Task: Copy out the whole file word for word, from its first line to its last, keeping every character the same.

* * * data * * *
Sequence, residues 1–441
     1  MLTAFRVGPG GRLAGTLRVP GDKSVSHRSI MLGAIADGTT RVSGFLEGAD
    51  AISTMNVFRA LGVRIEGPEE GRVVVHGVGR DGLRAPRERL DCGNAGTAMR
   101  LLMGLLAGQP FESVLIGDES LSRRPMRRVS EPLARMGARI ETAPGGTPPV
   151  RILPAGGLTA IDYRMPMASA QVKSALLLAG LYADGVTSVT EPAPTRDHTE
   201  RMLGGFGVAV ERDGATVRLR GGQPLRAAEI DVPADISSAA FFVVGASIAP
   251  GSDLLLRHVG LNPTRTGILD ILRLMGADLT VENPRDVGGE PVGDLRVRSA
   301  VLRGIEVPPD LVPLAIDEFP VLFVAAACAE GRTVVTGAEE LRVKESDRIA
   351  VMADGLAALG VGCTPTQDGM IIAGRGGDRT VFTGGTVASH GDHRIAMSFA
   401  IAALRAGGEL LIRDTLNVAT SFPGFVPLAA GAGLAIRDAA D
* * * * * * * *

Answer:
Sequence, residues 1–441
     1  MLTAFRVGPG GRLAGTLRVP GDKSVSHRSI MLGAIADGTT RVSGFLEGAD
    51  AISTMNVFRA LGVRIEGPEE GRVVVHGVGR DGLRAPRERL DCGNAGTAMR
   101  LLMGLLAGQP FESVLIGDES LSRRPMRRVS EPLARMGARI ETAPGGTPPV
   151  RILPAGGLTA IDYRMPMASA QVKSALLLAG LYADGVTSVT EPAPTRDHTE
   201  RMLGGFGVAV ERDGATVRLR GGQPLRAAEI DVPADISSAA FFVVGASIAP
   251  GSDLLLRHVG LNPTRTGILD ILRLMGADLT VENPRDVGGE PVGDLRVRSA
   301  VLRGIEVPPD LVPLAIDEFP VLFVAAACAE GRTVVTGAEE LRVKESDRIA
   351  VMADGLAALG VGCTPTQDGM IIAGRGGDRT VFTGGTVASH GDHRIAMSFA
   401  IAALRAGGEL LIRDTLNVAT SFPGFVPLAA GAGLAIRDAA D